12.0469 basic problems

Humanist Discussion Group (humanist@kcl.ac.uk)
Mon, 1 Mar 1999 22:19:50 +0000 (BST)

Humanist Discussion Group, Vol. 12, No. 469.
Centre for Computing in the Humanities, King's College London

[1] From: Willard McCarty <Willard.McCarty@kcl.ac.uk> (49)
Subject: return to basic problems

[2] From: Francois Lachance <lachance@chass.utoronto.ca> (34)
Subject: Method in Text Analysis

Date: Mon, 01 Mar 1999 22:19:23 +0000
From: Willard McCarty <Willard.McCarty@kcl.ac.uk>
Subject: return to basic problems

In Humanist 12.346 I suggested (echoing David Hilbert's 1900 address in
Paris, "Mathematische Probleme") that,

>one good way of understanding what our field is, in
>particular the quality of its intellectual integrity,
>would be to identify the basic scholarly problems with
>which it is engaged or should engage.

We didn't seem to get very far. Let me pose my problem again, but this time
take a different approach, namely to request identification by field of
application of the one problem with which we think the computer is most
likely to make a significant scholarly difference in, say, the next 20-30 years.

What would the problems be for

1. anthropology
2. archaeology
3. art history
4. classics
5. cultural studies
6. film studies
7. history
8. linguistics
9. literary studies (all modern languages)
10. music
11. pedagogy (including education)
12. philology
13. philosophy
14. religious studies (including biblical scholarship)
15. theatre studies

In his paper (online at
<http://aleph0.clarku.edu/~djoyce/hilbert/problems.html>, in translation)
Hilbert noted that, "It is difficult and often impossible to judge the value
of a problem correctly in advance; for the final award depends upon the gain
which science obtains from the problem. Nevertheless we can ask whether there
are general criteria which mark a good mathematical problem." He identified
two: the theory that formulates it must be clear and easily comprehended,
and it must be difficult enough to challenge us, yet not seem utterly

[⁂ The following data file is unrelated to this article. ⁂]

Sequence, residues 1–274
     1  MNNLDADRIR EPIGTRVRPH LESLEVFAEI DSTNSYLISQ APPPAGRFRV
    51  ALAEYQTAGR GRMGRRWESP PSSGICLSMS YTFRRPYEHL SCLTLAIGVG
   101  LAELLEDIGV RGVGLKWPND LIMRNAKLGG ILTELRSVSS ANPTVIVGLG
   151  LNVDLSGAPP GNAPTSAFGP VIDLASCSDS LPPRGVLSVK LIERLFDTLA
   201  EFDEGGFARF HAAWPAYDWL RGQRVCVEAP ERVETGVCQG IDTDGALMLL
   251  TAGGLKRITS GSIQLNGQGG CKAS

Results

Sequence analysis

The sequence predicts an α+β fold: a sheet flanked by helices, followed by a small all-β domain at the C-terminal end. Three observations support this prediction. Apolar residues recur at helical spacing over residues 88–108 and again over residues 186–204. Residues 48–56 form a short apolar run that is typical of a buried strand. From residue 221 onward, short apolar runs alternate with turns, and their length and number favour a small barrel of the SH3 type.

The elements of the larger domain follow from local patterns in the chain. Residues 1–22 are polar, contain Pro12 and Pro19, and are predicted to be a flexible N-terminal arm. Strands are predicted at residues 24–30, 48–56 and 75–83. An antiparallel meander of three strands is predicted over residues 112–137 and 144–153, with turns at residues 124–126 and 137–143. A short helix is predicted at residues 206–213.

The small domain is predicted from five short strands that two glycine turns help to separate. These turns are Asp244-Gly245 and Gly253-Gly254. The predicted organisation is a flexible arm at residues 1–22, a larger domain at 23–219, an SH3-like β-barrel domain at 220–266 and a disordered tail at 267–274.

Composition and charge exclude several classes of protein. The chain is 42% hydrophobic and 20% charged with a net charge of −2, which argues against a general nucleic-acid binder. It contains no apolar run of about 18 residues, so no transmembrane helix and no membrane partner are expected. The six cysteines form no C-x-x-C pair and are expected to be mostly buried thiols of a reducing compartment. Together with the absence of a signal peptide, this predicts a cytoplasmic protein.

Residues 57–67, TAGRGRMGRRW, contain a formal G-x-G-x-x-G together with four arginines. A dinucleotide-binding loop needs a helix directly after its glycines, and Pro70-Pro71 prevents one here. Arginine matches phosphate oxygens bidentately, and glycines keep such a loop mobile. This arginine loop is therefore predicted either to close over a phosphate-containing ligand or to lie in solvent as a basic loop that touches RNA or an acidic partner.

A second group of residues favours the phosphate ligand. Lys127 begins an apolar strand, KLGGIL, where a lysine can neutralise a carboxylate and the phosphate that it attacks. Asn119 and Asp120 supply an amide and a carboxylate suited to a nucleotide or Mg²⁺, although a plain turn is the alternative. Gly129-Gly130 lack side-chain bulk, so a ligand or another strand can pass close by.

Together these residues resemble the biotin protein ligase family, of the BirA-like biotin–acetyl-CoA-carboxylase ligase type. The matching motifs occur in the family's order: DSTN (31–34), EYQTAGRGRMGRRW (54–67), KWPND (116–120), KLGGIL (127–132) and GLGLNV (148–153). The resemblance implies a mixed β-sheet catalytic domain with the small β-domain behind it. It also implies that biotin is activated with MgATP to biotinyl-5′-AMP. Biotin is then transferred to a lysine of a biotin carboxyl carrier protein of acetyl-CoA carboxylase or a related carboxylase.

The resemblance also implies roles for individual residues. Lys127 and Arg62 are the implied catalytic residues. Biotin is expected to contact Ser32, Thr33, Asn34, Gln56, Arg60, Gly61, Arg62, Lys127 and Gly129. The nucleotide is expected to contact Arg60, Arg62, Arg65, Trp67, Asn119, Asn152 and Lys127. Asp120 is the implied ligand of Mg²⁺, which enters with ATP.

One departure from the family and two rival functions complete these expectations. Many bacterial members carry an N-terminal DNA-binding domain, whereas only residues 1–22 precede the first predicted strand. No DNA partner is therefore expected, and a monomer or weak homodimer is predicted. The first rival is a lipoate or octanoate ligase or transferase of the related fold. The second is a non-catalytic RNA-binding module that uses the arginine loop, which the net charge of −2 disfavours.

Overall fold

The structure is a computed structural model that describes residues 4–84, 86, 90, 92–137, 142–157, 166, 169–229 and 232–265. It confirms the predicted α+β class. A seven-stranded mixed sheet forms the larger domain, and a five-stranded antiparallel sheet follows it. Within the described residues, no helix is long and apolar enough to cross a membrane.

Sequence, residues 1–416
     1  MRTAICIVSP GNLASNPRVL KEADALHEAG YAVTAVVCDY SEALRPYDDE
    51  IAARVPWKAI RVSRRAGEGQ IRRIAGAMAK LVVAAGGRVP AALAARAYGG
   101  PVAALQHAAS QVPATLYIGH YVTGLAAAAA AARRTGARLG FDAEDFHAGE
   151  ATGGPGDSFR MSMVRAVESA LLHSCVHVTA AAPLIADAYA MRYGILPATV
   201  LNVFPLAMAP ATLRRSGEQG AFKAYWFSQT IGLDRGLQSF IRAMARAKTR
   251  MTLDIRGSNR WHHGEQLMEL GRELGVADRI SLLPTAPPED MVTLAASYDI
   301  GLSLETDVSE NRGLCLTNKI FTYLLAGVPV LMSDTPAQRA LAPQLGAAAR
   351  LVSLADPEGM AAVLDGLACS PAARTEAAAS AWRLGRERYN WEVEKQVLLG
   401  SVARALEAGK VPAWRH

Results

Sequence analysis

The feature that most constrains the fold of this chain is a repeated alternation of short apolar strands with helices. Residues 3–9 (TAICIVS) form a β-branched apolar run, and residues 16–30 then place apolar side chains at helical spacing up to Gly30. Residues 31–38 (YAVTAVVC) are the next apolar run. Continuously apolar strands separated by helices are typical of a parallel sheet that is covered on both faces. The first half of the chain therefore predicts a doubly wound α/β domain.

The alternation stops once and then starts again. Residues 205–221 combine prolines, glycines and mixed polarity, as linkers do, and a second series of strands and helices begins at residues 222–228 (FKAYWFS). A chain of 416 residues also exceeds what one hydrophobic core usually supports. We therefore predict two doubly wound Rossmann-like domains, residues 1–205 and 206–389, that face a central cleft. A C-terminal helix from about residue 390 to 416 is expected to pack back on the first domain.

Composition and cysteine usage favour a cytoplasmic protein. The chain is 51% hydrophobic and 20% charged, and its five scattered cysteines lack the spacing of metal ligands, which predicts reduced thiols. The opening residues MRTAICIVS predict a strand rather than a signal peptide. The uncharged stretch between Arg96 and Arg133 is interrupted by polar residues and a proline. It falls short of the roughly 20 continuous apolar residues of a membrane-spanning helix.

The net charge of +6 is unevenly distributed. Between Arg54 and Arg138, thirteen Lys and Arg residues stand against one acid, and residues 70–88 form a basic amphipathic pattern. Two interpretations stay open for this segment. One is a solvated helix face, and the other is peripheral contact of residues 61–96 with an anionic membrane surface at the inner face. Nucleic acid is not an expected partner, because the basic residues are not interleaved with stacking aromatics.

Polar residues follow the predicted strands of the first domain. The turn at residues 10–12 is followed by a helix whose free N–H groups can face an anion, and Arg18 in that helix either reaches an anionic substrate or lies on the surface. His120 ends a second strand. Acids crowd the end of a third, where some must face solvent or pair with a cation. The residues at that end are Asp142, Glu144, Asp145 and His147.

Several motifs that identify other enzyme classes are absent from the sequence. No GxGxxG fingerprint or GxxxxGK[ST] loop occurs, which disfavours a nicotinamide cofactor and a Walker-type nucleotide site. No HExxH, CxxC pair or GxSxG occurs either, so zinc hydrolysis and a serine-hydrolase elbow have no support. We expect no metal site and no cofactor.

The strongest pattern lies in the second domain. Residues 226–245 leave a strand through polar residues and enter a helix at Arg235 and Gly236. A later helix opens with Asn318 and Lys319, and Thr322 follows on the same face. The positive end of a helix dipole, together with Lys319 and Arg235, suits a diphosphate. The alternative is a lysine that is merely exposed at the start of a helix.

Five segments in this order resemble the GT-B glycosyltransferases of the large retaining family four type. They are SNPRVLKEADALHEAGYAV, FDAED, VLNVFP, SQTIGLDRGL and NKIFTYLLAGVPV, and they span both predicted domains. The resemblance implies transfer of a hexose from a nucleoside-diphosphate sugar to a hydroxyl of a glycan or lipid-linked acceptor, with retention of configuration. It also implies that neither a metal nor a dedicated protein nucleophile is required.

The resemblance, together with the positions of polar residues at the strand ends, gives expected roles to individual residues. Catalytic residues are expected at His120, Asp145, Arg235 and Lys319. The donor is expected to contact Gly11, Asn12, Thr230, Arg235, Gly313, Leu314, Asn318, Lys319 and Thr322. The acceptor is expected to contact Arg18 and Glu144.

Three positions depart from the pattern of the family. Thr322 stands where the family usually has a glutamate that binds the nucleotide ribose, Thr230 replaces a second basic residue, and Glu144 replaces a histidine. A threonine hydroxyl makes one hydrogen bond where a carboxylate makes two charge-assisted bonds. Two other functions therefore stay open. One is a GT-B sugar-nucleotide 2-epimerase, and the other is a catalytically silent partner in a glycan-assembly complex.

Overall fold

impossible to solve. That is, we need fundamental problems that will take us
forward, not confuse or confound us. What might these be?

We also need problems that do not simply belong to computer science, such as
automatic analysis of images to identify their contents, though there are
undoubtedly real problems for humanities computing involved in such an
effort. On the other side, we don't want problems that simply belong to one
of the non-technical disciplines, such as the identification of a painting
as a forgery.

Your suggestions please.


- - - - - - - - - - - - - - - - - - - - - - - - - - - - - -
Dr. Willard McCarty, Senior Lecturer, King's College London
voice: +44 (0)171 873 2784 fax: +44 (0)171 873 5081
<Willard.McCarty@kcl.ac.uk> <http://ilex.cc.kcl.ac.uk/wlm/>
maui gratia

Date: Mon, 01 Mar 1999 22:19:34 +0000
From: Francois Lachance <lachance@chass.utoronto.ca>
Subject: Method in Text Analysis


I know it has been a couple of weeks since you issued a call for
feedback on your module on text analyis for first year students. It is
my hope that these few remarks might be pertinent to your enterprise.

It seems to me that by beginning with "genre" in the _Prior Knowldege_
section you are building upon the intuitive centre of humanities work:
the comparative moment. There is of course the comparison of parts of
a text with each other (notion of the score) and the comparison of
texts with other texts. It seems to me that your contextual overview
or snapshot implicitly favours text-text comparison. This leads me to
a question about the _Steps in the analysis_: are these really a set
of steps? or are they elements of a toolbox? I ask this because
someone interested in middle, beginnings and ends of a particular text
would perhaps favour concording and someone interested in comparing
different texts would derive more information from frequency lists
(unless those lists were generated with a view for a comparative
distribution over the parts of a text). The sophisticated reader would
be able to combine techniques in a variety of orders. I was wondering
if there is any way of introducing the call to recursive analysis
earlier. What happens if students move from concordance to frequency?
I suppose that it is like moving through skimming to an appreciation of the
statistical nature of the beast. Of course this consideration stems
from the way your method moves from genre to artefact. Are the
questions and approaches posed different for a class of texts than for
a single textual specimen? Not a grand question in itself but I do
think it has something to contribute to the fostering of
self-reflective modes of apprehension.

Thank you for the invitation to peer into your workshop. It has helped
me think about some the assumptions that I bring to classroom work
with and without computers -- especially in teaching recursive
searching on the WWW.

"structure, content, format"
-- not just nouns --

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